Aimee Corrigan on #StopEbola: What Nigeria Did Right [AUDIO]

February 19th, 2015

On July 20, 2014 the Ebola outbreak landed in Nigeria, Africa’s most populous country. Public health officials warned that an outbreak could be catastrophic in Lagos, a densely populated city of 21 million. 19 confirmed cases left 11 dead from the disease, but Nigeria’s nightmare scenario never occurred. Within three months, the World Health Organization declared Nigeria Ebola-free, deeming the nation’s efforts to contain the disease a “spectacular success story”.

In a country with 130 million mobile-phone users and active social networks, social media and mobile technology played a central role in Nigeria’s Ebola containment.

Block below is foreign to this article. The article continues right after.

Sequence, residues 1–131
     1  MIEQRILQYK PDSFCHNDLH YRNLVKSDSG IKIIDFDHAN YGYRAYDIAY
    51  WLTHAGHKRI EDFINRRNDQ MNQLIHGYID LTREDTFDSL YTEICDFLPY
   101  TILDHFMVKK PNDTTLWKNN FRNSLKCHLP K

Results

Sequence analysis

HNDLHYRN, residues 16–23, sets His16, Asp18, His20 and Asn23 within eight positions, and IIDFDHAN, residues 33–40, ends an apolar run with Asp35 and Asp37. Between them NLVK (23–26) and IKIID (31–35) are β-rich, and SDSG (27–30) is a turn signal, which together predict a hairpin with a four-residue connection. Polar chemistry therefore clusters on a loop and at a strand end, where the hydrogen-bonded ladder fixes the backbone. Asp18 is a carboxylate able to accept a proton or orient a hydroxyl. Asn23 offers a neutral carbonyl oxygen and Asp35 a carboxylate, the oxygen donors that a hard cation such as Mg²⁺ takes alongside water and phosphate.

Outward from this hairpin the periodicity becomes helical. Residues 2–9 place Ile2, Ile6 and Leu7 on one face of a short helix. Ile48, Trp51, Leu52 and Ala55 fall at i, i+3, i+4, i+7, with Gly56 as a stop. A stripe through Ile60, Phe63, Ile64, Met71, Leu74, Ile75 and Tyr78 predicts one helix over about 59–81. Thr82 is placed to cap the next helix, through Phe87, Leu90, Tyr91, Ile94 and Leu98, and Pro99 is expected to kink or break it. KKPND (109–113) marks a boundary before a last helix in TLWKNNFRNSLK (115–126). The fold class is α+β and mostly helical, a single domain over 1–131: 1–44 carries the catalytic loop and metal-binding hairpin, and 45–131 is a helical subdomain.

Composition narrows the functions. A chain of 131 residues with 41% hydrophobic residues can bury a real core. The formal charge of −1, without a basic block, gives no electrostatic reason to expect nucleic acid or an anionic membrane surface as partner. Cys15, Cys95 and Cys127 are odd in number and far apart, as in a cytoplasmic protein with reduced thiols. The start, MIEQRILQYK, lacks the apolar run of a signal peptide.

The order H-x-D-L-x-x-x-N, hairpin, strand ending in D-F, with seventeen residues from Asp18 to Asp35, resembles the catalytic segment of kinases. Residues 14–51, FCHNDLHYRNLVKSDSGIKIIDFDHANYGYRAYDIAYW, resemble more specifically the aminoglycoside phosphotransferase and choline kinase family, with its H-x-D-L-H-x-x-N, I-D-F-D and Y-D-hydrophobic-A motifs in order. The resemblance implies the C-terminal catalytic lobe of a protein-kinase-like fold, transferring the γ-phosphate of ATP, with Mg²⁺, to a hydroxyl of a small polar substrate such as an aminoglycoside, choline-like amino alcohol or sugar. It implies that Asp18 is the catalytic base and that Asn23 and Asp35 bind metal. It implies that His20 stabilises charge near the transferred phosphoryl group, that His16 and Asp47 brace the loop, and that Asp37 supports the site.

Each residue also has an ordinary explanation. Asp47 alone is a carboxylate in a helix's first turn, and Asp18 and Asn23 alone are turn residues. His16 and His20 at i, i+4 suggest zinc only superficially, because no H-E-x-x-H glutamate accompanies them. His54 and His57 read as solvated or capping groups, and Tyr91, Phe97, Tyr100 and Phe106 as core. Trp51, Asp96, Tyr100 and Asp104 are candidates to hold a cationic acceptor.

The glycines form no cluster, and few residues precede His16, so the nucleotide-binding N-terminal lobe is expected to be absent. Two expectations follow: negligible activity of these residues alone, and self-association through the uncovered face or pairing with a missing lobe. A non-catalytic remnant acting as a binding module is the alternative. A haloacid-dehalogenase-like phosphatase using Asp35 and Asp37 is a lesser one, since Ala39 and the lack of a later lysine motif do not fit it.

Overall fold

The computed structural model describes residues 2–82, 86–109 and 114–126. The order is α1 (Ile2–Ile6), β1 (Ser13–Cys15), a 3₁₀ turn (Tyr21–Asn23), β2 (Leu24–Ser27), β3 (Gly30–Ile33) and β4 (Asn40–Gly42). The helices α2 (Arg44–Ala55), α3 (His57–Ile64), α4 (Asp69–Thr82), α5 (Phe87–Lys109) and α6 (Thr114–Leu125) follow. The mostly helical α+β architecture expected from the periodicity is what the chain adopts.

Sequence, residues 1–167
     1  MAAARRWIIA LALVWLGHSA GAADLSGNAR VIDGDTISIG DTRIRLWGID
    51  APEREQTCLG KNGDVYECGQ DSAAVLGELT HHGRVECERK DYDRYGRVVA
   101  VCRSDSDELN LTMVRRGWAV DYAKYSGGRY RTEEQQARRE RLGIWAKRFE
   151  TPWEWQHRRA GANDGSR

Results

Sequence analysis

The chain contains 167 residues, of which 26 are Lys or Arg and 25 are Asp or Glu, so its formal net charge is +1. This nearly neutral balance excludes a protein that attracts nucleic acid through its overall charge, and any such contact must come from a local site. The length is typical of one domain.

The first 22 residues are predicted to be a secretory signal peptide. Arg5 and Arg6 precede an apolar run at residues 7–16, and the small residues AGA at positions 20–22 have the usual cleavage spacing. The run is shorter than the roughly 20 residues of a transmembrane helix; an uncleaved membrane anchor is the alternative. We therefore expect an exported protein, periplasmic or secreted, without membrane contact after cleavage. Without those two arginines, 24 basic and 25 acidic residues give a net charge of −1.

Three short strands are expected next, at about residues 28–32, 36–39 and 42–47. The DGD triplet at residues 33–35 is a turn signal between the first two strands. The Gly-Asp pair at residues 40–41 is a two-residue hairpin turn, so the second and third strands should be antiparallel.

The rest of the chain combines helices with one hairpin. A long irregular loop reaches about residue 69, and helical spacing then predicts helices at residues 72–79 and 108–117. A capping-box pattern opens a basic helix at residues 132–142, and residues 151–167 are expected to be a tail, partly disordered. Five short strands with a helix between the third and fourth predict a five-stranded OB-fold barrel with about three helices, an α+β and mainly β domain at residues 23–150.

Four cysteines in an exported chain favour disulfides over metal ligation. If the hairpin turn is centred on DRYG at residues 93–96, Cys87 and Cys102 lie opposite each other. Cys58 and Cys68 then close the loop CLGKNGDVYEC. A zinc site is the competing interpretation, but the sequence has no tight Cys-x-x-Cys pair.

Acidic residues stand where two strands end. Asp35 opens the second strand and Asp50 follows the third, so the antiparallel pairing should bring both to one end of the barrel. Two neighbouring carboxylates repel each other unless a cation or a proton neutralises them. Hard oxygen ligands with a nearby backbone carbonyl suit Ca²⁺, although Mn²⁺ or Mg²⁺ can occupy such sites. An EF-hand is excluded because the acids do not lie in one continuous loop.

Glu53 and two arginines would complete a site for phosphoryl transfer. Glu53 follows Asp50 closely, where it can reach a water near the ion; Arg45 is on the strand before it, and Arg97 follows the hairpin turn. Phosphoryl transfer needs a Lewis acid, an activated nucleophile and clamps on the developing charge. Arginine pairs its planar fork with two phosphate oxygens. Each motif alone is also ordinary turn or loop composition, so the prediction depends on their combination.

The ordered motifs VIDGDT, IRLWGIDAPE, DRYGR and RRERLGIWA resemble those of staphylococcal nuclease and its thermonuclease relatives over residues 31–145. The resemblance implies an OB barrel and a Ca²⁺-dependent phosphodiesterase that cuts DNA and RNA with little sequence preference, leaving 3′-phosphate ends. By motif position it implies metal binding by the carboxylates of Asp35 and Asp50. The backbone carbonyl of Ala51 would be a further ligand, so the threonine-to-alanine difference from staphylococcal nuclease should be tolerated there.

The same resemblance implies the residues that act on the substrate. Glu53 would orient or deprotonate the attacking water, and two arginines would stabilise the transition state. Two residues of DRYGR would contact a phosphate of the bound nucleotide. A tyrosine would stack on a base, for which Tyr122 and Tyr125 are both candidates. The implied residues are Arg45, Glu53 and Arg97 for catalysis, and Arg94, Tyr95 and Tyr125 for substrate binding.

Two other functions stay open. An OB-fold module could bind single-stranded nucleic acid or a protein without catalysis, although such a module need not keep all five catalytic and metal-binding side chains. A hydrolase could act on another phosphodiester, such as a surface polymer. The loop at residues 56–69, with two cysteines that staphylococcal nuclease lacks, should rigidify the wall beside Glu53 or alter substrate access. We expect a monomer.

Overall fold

In this talk Aimee Corrigan — Co-Director of Nollywood Workshops, a hub for filmmakers in Lagos, Nigeria — discusses how viral video, SMS, and social media were used to sensitize audiences, manage fear and myths, and reduce stigma around Ebola. And how these strategies might be utilized in public health challenges in Africa and beyond.

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More info on this event here.

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